Research

Two central questions in ecology are:

  • What determines the abundance and diversity of organisms at a particular location?
  • Does diversity matter to how ecosystems function?
A tiny lacebug, Atheas brevicornis, that is a dominant species in some of our TX plots.
A tiny lacebug, Atheas brevicornis, that is a dominant species in some of our TX plots.

The Prather lab uses observational and manipulative field experiments coupled with analytical chemistry, molecular biology techniques and theoretical models to answer these questions in a range of ecosystems from tropical rainforests to rare coastal tallgrass prairies. We are particularly fascinated by the small, underappreciated, and species invertebrates. Currently, we have two major projects that aim to understand:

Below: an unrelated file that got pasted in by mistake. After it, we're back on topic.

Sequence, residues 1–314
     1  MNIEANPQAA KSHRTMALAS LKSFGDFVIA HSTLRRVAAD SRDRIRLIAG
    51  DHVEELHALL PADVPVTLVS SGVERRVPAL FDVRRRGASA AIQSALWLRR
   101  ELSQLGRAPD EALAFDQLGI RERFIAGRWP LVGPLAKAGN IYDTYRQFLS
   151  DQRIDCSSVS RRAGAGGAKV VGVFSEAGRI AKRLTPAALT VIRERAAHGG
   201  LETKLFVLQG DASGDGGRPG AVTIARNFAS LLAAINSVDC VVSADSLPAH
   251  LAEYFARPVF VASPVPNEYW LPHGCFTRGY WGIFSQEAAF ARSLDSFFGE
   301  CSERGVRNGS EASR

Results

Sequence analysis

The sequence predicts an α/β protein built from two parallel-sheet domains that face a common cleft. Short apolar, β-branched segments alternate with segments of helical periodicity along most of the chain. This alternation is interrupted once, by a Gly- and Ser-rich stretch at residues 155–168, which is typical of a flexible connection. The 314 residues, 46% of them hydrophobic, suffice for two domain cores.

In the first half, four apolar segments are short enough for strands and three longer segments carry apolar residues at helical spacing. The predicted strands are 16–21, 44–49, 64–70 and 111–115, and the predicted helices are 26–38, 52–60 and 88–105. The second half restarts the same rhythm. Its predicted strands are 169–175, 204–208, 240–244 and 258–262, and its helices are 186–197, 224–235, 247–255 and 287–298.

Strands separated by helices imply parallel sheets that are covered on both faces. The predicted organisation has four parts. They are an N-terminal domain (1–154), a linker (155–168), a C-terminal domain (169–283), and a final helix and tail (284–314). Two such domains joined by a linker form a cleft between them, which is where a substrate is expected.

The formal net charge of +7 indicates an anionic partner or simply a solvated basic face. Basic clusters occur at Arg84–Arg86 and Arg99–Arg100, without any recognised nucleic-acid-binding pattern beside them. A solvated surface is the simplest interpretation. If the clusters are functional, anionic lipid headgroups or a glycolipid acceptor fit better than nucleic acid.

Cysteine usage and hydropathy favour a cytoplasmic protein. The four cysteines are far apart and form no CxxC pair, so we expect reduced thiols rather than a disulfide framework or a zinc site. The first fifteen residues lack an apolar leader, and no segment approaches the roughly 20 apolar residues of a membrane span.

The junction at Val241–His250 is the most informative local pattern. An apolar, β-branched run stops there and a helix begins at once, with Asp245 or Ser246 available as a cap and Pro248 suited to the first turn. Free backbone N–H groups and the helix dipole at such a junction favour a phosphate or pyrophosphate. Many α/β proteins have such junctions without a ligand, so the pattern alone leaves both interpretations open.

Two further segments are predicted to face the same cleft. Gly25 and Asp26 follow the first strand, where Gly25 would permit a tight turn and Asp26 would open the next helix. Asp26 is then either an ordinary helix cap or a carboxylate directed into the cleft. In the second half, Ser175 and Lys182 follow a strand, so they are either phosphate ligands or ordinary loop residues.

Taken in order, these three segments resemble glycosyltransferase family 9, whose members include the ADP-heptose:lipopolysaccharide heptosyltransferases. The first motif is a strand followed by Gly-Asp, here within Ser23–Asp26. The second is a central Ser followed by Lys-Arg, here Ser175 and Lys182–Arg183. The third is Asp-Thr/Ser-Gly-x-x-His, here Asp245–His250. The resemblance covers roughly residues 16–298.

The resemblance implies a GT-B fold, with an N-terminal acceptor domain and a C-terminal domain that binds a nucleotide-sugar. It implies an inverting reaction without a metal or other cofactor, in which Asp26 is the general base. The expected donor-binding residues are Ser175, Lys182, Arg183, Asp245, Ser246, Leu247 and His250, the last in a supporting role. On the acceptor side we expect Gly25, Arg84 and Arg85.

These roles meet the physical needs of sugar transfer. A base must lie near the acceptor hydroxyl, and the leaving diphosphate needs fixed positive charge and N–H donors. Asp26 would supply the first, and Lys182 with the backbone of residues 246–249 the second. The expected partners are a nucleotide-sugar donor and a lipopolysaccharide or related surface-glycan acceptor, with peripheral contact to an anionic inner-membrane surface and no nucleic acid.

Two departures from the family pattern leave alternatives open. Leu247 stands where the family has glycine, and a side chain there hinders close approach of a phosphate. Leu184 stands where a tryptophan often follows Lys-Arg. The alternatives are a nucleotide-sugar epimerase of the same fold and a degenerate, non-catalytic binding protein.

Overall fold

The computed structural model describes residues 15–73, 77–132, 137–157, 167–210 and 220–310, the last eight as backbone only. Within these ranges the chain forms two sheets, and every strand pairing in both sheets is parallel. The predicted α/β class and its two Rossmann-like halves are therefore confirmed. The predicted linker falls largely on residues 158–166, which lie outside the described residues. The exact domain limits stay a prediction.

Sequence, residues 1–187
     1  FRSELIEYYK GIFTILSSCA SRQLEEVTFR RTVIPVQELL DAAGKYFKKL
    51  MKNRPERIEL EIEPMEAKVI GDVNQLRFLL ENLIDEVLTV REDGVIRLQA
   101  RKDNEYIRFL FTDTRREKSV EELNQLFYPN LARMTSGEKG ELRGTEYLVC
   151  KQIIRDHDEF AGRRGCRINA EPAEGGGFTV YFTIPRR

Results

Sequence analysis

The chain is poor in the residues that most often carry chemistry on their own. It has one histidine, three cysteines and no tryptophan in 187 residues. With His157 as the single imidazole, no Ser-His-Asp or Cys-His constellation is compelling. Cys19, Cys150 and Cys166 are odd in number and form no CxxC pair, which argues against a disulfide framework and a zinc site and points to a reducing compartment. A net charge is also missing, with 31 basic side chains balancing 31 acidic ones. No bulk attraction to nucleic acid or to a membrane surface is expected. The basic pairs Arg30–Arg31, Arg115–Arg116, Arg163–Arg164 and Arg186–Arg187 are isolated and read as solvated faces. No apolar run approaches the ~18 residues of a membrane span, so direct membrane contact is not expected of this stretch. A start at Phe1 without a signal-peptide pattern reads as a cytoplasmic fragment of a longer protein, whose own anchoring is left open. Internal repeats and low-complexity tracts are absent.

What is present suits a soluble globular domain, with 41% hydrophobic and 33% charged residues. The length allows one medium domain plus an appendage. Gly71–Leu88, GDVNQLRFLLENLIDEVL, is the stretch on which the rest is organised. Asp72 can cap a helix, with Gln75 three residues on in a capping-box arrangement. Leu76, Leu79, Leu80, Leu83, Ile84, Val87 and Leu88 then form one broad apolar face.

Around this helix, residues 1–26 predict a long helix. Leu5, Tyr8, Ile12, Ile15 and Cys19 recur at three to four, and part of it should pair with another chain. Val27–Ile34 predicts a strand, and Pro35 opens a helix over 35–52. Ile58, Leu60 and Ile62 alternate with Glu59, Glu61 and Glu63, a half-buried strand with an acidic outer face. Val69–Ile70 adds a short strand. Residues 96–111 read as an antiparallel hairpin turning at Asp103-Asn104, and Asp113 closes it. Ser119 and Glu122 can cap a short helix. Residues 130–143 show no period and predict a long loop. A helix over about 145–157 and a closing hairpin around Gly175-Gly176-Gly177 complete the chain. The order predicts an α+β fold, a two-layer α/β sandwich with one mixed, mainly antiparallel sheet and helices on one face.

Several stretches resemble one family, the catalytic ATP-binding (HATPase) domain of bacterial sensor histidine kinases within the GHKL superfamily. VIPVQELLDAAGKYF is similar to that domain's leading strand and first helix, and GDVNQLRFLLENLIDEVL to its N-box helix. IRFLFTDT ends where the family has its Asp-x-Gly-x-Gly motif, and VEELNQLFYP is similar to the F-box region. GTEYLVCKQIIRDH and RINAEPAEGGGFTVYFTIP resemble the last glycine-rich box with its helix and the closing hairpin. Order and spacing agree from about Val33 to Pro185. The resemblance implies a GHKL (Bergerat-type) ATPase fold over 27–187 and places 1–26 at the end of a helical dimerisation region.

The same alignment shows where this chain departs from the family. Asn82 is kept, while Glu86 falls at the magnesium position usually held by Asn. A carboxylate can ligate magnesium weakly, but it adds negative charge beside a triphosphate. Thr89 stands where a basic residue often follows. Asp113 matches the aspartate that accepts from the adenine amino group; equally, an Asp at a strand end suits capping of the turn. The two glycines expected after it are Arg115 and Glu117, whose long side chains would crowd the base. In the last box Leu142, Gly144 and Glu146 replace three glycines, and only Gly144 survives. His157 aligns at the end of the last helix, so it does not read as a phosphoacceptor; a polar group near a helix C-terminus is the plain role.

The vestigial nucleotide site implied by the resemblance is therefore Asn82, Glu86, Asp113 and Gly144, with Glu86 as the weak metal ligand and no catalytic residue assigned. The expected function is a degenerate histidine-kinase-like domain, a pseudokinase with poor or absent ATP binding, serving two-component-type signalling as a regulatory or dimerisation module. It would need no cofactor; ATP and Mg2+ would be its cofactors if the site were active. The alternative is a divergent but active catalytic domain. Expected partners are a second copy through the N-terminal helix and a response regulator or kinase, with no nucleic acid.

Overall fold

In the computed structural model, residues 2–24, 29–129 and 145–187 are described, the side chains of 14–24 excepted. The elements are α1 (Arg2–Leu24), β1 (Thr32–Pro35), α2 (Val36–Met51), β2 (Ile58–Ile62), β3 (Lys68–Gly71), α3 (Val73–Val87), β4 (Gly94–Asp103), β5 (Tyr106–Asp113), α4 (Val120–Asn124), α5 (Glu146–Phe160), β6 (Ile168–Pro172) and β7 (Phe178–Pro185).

1) What structures invertebrate communities? Particularly, what role do micronutrients play in structuring insect communities in coastal tallgrass prairie?

2) How these communities affect ecosystem functioning? Particularly, does the diversity of grasshoppers affect grassland ecosystem functioning?

Dr. Prather is interested in a wide variety of other questions as well. Here are some other ongoing projects in the Prather lab:

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